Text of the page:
The veil has been lifted on British intelligence operatives spying on heads of state‚ businesspeople‚ diplomats‚ the military and mobile telecommunication companies in 20 African countries.
Nigerian billionaire Tony Elumelu‚ one of the richest men on the continent‚ was targeted‚ along with former prime ministers‚ presidents‚ rebel leaders‚ banks‚ the presidential palace in Luanda‚ Angola‚ former president and warlord Charles Taylor and several African embassies. Businesspeople close to Joseph Kabila were closely monitored in the Democratic Republic of Congo.
Telecoms giant MTN was equally among the targets of a continent-wide eavesdropping operation carried out by the UK’s electronic surveillance agency‚ known as Government Communications Headquarters (GCHQ).
The revelations are contained in a series of articles published by French newspaper Le Monde in collaboration with investigative online publication The Intercept.
Based on a cache of data gathered by former National Security Agency operative Edward Snowden‚ they are reported to offer “unprecedented insight” into surveillance carried out on 20 countries between 2009 and 2010.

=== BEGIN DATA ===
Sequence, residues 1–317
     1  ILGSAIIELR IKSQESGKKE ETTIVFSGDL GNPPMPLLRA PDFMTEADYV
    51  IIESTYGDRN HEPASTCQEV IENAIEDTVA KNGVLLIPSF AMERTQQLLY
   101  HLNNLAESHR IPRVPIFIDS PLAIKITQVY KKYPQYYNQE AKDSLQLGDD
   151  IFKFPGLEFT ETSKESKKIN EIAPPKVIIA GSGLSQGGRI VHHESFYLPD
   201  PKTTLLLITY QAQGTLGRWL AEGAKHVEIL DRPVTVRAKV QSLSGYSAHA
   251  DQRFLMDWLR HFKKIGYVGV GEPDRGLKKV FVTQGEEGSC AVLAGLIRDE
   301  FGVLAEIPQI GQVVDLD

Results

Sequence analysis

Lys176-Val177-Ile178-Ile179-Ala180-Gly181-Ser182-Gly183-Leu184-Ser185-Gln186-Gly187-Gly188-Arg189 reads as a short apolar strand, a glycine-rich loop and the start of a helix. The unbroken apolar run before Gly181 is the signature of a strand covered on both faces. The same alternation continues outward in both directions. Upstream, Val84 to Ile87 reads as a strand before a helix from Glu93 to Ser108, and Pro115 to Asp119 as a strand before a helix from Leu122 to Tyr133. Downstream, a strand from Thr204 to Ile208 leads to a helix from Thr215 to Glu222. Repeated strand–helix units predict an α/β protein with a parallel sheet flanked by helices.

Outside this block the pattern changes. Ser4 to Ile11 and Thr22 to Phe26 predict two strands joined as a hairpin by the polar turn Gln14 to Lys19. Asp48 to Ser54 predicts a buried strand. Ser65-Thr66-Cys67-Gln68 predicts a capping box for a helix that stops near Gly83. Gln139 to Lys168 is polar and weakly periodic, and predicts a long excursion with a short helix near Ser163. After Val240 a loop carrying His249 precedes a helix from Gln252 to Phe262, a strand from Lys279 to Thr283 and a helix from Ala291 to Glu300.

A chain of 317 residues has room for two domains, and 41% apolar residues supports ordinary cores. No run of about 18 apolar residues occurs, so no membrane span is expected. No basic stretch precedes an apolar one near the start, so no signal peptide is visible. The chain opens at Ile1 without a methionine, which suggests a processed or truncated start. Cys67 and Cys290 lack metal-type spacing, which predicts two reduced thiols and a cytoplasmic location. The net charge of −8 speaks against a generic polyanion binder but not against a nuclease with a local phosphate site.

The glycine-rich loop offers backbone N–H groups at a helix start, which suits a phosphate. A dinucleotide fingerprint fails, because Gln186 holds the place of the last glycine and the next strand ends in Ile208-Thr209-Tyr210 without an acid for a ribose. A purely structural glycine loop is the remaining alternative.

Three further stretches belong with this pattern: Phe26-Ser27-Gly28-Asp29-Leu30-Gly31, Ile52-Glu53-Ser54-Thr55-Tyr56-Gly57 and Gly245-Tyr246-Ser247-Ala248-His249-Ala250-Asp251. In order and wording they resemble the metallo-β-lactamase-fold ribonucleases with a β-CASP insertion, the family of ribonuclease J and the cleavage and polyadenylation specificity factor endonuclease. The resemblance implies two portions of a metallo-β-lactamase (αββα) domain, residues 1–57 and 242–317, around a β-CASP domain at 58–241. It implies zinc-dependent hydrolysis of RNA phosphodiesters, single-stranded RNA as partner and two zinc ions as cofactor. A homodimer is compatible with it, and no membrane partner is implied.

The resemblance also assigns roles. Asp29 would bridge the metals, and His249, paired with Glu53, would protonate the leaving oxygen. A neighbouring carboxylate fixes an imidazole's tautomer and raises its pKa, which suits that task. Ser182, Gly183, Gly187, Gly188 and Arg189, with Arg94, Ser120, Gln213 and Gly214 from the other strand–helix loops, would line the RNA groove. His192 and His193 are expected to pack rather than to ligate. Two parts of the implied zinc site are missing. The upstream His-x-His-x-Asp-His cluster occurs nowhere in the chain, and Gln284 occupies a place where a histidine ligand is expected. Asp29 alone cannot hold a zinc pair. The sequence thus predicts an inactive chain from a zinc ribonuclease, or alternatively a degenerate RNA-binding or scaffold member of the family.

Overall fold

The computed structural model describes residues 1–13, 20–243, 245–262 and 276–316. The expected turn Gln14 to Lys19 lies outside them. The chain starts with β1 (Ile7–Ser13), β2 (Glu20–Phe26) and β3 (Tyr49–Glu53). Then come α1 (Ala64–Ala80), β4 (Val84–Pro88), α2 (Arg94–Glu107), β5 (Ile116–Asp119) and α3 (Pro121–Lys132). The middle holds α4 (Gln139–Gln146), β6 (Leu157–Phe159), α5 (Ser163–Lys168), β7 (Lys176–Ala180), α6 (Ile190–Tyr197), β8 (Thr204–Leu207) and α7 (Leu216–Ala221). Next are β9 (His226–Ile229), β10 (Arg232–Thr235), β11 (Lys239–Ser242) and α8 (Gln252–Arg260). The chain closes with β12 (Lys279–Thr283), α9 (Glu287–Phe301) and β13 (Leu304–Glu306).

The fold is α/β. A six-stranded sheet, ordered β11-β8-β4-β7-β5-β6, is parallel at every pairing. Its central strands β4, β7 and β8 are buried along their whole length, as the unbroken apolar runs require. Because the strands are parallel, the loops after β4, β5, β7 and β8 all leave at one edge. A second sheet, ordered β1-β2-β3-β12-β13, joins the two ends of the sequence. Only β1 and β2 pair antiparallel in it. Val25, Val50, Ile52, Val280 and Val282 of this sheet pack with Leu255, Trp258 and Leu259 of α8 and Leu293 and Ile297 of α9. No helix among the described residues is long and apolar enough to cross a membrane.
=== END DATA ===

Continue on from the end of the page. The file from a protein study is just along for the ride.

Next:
The cache contains the names people who were placed under surveillance. The agency intercepted communications as data travelled between satellites.
“These actions violated the political‚ economic and strategic sovereignty of 20 African countries‚ many of whose leaders were allies of Great Britain‚” said Le Monde.
“GCHQ also listened in on the telecommunications of foreign transnational corporations operating in Africa‚ one of their targets being Mediterranean Shipping Company‚ an Italian-Swiss logistics firm.
“Most telecommunications firms‚ including the South African company MTN‚ Saudi Telecom‚ France Télécom and Orange‚ were under surveillance‚” reported Le Monde.
“Surveillance of African diplomatic services was as widespread as the operations targeting their leaders. The British intelligence services eavesdropped on communications involving the foreign ministers of Nigeria‚ Kenya‚ Zimbabwe‚ Sudan and Libya‚ and their closest collaborators. Their e-mails were also intercepted‚” Le Monde reported.
GCHQ declined to answer questions from Le Monde.
•Adapted from Business Day SA. Photo shows Tony Elumelu.